I love discovering new books - and sniffling around (preferably English) bookstores is one of my favorite things to do. I have read many bestsellers and most of them I've loved - some of them I've hated. I've recently finished two famous bestsellers and oh my - when I started reading both books I didn't expect my opinion to be so surprising afterwards.
The Girl On The Train - Paula Hawkins
Rachel takes the same commuter train every morning. Every day she rattles down the track, flashes past a stretch of cozy suburban homes, and stops at the signal that allows her to daily watch the same couple breakfasting on their deck. She’s even started to feel like she knows them. “Jess and Jason,” she calls them. Their life—as she sees it—is perfect. Not unlike the life she recently lost.
And then she sees something shocking. It’s only a minute until the train moves on, but it’s enough. Now everything’s changed. Unable to keep it to herself, Rachel offers what she knows to the police, and becomes inextricably entwined in what happens next, as well as in the lives of everyone involved. Has she done more harm than good? (from Goodreads)
I thought I'd love this book - I really did. It sounded like a very Sjoukje-book: some sensation as if it were an ordinary thriller, some personality as if it were a regular novel. One of the three main characters, Rachel, was one of the most depressing fictional characters I've ever encountered. 'I should stop drinking alcohol. But I can't. Okay, I'll stop. *24 hours pass* - I can't not drink. I must drink. *falls into a deep and black hole of depressing thoughts, passing them onto the reader*.
I literally can't name one part of this book I liked. It was very slow as in not too much happened - very hard to get into, extremely depressing to read, and - I won't spoil it to those who have the book lying on their nightstand, fresh and smelling of new books - the ending was so unrealistic it was predictable.
There are so many people who loved this book, but I'm not one of them. I feel like if you're a person who usually reads thrillers (think of authors like Karin Slaughter, Jens Lapidus, Stieg Larsson) this book will feel odd to you, out of place. However, if you've never read a decent thriller, I think you won't notice the feeling I had when reading this. My expectations were too high.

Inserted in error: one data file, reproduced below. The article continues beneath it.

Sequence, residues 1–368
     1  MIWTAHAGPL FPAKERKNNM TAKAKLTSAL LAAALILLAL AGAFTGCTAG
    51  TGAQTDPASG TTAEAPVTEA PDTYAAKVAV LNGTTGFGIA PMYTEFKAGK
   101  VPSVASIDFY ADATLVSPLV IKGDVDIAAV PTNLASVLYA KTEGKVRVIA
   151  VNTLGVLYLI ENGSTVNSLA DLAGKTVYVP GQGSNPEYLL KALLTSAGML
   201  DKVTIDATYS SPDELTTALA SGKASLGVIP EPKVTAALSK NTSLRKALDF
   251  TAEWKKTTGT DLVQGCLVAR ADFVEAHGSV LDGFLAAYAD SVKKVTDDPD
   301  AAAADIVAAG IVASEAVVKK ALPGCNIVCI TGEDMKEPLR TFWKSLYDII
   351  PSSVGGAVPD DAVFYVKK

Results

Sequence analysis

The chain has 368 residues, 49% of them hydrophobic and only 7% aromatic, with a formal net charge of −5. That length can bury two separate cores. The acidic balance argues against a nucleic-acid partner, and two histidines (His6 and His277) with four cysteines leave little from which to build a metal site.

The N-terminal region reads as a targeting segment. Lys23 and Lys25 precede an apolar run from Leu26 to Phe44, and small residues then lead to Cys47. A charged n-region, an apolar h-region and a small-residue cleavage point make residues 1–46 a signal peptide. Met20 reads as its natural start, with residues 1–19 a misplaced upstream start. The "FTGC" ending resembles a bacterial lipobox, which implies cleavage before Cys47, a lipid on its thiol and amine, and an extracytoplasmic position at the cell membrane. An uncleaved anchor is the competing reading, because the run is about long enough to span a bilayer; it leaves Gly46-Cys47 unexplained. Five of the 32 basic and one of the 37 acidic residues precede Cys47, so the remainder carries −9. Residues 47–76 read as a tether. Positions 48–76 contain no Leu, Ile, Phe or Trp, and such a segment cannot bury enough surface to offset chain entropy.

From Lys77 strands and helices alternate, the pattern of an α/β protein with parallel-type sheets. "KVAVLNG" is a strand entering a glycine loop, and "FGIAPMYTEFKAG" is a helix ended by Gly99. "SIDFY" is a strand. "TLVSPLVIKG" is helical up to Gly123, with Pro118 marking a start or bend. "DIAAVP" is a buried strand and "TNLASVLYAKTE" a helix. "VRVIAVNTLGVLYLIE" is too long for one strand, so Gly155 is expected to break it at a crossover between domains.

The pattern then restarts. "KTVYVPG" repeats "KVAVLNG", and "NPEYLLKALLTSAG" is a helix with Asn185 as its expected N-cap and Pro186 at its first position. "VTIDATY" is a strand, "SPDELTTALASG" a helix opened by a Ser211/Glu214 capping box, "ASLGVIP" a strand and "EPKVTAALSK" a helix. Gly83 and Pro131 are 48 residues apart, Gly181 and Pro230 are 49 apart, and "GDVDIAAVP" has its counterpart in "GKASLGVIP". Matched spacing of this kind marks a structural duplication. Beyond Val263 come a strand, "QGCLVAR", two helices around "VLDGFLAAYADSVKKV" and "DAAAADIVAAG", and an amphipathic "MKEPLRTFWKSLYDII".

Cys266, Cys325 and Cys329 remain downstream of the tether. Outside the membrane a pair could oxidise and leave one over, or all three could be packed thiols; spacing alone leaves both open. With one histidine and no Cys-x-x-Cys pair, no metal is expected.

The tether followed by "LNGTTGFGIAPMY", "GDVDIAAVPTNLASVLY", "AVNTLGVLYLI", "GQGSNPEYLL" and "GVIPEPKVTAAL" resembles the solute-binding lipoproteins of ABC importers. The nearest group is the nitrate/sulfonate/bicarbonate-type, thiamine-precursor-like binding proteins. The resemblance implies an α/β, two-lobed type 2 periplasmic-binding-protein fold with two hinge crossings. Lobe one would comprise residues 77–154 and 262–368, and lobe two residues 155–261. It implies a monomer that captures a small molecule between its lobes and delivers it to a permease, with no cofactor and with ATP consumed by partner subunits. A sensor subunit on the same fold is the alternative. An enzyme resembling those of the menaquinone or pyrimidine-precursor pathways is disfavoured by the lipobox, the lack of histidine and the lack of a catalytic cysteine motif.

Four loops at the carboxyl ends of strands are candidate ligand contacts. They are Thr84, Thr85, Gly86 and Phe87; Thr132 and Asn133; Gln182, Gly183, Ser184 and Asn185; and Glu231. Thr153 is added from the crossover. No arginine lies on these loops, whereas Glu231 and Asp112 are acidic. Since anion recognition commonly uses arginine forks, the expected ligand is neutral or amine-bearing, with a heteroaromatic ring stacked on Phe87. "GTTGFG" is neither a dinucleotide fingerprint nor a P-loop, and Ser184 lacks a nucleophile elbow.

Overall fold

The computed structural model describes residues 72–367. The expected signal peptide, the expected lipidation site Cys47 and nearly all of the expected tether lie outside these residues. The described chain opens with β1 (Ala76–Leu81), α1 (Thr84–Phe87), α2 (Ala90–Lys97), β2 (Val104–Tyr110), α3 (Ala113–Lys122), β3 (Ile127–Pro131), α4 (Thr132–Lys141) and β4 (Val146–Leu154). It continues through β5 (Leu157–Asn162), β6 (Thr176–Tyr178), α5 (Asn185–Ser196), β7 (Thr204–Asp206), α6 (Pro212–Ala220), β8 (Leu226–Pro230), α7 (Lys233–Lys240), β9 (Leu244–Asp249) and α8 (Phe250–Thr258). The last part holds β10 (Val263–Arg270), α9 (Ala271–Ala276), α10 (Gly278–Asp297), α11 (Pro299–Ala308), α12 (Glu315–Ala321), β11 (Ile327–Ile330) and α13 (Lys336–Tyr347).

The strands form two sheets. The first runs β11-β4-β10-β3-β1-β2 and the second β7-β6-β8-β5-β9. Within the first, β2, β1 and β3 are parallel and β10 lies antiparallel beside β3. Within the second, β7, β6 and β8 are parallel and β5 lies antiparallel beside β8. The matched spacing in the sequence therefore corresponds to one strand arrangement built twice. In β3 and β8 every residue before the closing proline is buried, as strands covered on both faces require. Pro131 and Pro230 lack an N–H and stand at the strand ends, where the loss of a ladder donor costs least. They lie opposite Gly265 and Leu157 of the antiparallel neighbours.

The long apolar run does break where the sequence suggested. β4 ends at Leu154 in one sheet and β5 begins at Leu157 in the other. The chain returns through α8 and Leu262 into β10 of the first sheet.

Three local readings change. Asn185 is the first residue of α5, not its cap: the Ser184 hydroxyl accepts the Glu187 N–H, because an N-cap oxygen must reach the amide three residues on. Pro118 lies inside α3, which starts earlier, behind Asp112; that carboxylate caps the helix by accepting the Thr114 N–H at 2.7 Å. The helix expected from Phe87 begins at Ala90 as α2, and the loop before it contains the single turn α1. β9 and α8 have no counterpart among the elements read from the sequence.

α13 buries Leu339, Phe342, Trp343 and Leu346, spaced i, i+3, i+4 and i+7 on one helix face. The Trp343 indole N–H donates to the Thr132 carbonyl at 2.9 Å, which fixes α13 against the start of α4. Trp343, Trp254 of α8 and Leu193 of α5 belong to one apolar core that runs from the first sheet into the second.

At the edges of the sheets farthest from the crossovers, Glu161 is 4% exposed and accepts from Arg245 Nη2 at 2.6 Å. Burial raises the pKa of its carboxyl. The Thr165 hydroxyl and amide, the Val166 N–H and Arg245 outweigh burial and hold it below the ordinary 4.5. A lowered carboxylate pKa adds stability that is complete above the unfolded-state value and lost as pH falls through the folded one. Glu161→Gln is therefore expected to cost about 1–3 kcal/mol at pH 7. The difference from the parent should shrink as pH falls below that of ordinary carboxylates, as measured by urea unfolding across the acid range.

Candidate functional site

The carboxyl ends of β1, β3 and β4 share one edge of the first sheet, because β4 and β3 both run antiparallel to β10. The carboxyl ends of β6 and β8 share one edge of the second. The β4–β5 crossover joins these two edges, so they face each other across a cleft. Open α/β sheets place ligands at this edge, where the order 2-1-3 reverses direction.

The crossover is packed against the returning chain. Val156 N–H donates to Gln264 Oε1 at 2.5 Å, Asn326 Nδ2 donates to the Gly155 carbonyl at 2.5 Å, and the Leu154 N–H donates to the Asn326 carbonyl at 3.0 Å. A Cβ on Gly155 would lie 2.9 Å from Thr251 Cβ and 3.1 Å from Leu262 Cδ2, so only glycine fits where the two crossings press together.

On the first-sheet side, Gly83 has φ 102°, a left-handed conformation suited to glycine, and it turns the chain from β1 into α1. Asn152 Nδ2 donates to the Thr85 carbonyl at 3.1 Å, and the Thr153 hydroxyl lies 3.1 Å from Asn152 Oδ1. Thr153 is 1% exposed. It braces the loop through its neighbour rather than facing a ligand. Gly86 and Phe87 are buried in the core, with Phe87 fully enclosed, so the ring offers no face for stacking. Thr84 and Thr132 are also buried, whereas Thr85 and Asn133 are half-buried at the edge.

Us - David Nicholls
‘I was looking forward to us growing old together. Me and you, growing old and dying together.’
‘Douglas, who in their right mind would look forward to that?’
Douglas Petersen understands his wife’s need to ‘rediscover herself’ now that their son is leaving home. He just thought they’d be doing their rediscovering together.
So when Connie announces that she will be leaving, too, he resolves to make their last family holiday into the trip of a lifetime: one that will draw the three of them closer, and win the respect of his son. One that will make Connie fall in love with him all over again.
The hotels are booked, the tickets bought, the itinerary planned and printed.
What could possibly go wrong? (from Goodreads)
This was another book I expected to love - and after reading it, I realized I adored it. I'd been eyeing this book at Waterstone's for quite a while when I decided to finally buy a new physical and 'real' book and I couldn't have made a better decision. I am looking for words to describe this book and the book cover calls this book 'a sad, funny, soulful joy' and these are the exact words I would've used, had I been able to find them.
The protagonist, Douglas Petersen, is a very intelligent man. Connie (his wife), is a typical creative and outgoing woman and the child they created is a teenage boy who isn't very interested in his father, but adores his mother. This frustrates Douglas Peterson, and I feel like how harder he tries, the less it works. This was so frustrating to read, because as a reader you know how much Douglas loves his family, how hard he tries - and how they turn their backs on them. This is the 'sad' part.
The word 'funny' is such a good describing word because David Nicholls has such an interesting choice of words for every sentence he creates. The situations he sketches are so unique, and even though they are surprising I didn't think of them as predictable. 'Soulful' perfectly describes the book because I found the book so relatable - and even though I am not a father in my 50s, I could so feel every emotion he had, every frustration he encountered and every bit of love he felt for his family.
When an author manages to do that - to make you feel like the protagonist, to make you laugh out loud even though you're on a crowded train, to get so mad at Connie for not understanding Douglas - that is when you know you've picked out the right book for you.
When I finished reading this book (after sitting for a few minutes, being sad about the fact that I'd read the last page) I got on my bike and immediately cycled to Waterstone's to get another book written by David Nicholls: One Day. I'm currently reading this and if this book surprises me in such a way that both 'The Girl On The Train' and 'Us' did (negatively and positively respectively), I'm sure to let you guys know.
To summarize this article that became longer than I expected it to be: I wouldn't recommend 'The Girl On The Train' but 'Us' is an absolute must-read.
If you've read one of these books - make sure to let me know what you thought. If you have a book recommendation for me based on this dislike and like, make sure to leave a little comment as well!